2021 Albany Post Road, Croton-on-Hudson, NY 10520                     914-271-4283

Unitarian Universalist Congregation of the
Hudson Valley

Our Congregation's History


In August 1957, ten members of the White Plains Community Church, together with others from the Croton area, met to establish a Unitarian Fellowship in Croton-on-Hudson. Initially, services were held at the Croton Community Nursery School. The first order of business was to set up a religious education program for about 35 children. Adult programs were added in early 1958. By the fall of 1959, religious education enrollment had grown to such an extent that the Fellowship moved to larger quarters across the street where it shared space with the Bennett Conservatory of Music.


In 1961, the American Unitarian Association and the Universalist Church of America merged, creating the Unitarian Universalist Association. Both groups trace their roots in North America to the early Massachusetts settlers and to the founders of the Republic.  Overseas, our common heritage reaches back centuries to pioneers in England, Poland, and Transylvania.


On May 3, 1963, our congregation formed the “Unitarian-Universalist Fellowship of Briarcliff-Croton-Ossining, Incorporated” as a religious corporation dedicated to “further[ing] the principles of Unitarian-Universalism, including individual freedom of religious belief, devotion to truth and the advancement of the brotherhood of all mankind.”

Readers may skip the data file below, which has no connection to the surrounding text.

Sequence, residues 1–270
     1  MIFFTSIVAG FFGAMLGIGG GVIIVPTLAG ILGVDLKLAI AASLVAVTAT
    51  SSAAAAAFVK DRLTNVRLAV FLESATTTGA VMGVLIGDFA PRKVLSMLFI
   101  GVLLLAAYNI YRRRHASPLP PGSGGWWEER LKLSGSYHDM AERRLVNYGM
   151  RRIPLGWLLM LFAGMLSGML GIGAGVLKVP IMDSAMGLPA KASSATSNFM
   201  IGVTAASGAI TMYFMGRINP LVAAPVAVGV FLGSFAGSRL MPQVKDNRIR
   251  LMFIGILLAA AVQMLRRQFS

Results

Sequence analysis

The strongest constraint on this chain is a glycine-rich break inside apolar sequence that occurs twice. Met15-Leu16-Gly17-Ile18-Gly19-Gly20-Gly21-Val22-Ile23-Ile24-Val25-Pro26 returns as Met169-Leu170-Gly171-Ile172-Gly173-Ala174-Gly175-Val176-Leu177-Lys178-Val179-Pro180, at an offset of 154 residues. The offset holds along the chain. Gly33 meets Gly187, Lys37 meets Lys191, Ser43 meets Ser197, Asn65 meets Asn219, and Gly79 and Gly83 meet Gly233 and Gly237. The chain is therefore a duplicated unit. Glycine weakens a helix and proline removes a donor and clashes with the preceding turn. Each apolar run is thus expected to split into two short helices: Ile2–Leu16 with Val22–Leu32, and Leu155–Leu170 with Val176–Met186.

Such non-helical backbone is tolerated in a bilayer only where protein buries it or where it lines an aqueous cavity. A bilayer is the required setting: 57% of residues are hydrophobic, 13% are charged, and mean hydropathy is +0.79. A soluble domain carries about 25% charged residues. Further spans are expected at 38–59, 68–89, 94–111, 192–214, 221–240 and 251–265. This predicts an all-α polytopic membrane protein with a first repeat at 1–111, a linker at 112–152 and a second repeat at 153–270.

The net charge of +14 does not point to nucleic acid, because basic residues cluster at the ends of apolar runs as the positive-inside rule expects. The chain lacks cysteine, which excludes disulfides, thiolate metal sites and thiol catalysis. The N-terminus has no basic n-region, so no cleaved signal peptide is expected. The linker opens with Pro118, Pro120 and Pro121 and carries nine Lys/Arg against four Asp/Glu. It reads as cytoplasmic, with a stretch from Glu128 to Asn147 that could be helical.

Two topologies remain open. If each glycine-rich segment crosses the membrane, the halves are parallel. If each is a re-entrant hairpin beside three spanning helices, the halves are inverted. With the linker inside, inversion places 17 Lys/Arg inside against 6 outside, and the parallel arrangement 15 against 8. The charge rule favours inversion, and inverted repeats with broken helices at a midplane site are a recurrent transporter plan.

In June 1963, with a mortgage from the Veatch Fund and the North Shore Unitarian Society, Inc. we were able to purchase our present building, the former Boscobel Methodist Church. Our building was constructed in 1926 after the Boscobel congregation was forced to relocate from the corner of Rte 9A and Furnace Dock Road.


In the early days, members arranged all the Sunday programs. Guest ministers from different faiths as well as psychologists were frequently asked to speak at services. Our first part-time minister was Dana Klotzel, director of the UN office of the Unitarian Universalist Association. He is remembered for his strong stand against the Vietnam War. After his sudden death in 1972, members once again arranged all our Sunday services. Initially, ministers of all faiths were invited to speak once a month, but later invitations were extended only to Unitarian ministers. When the Hastings Unitarian Society hired Jason Hays as a part-time minister, our Fellowship arranged to have him conduct one service a month. Memories of our members during the early years include: an active arts program, interfaith balls, wine and cheese parties, book groups, movie series, lively discussions, dramatic performances, a fund raiser led by an authentic Vermont auctioneer and even a guest speaker’s glider plane parked alongside the Fellowship.


After Jason Hays left, the Fellowship was fortunate to find Jim Covington, a pastoral counselor and family therapist. In 1990, we invited Jim to serve two Sundays a month. In 1994, Jim began conducting more services and at the time of his retirement in June of 2011 after 20 years of ministry to us, he led twenty-five services a year.  Upon Jim's retirement, we had two years of interim ministry.


In 2012, we entered the formal search process to find a settled minister. In May of 2013, we called the Rev. Dr. Sarah Lenzi to serve our congregation as its first full-time minister. In the spring of 2014, we held our congregation's first installation service to mark this new phase of our congregation's history. 


In June of 2014, during our annual meeting, the congregation voted to adopt a new name. We are now the Unitarian Universalist Congregation of the Hudson Valley.


© UUCHV 2014
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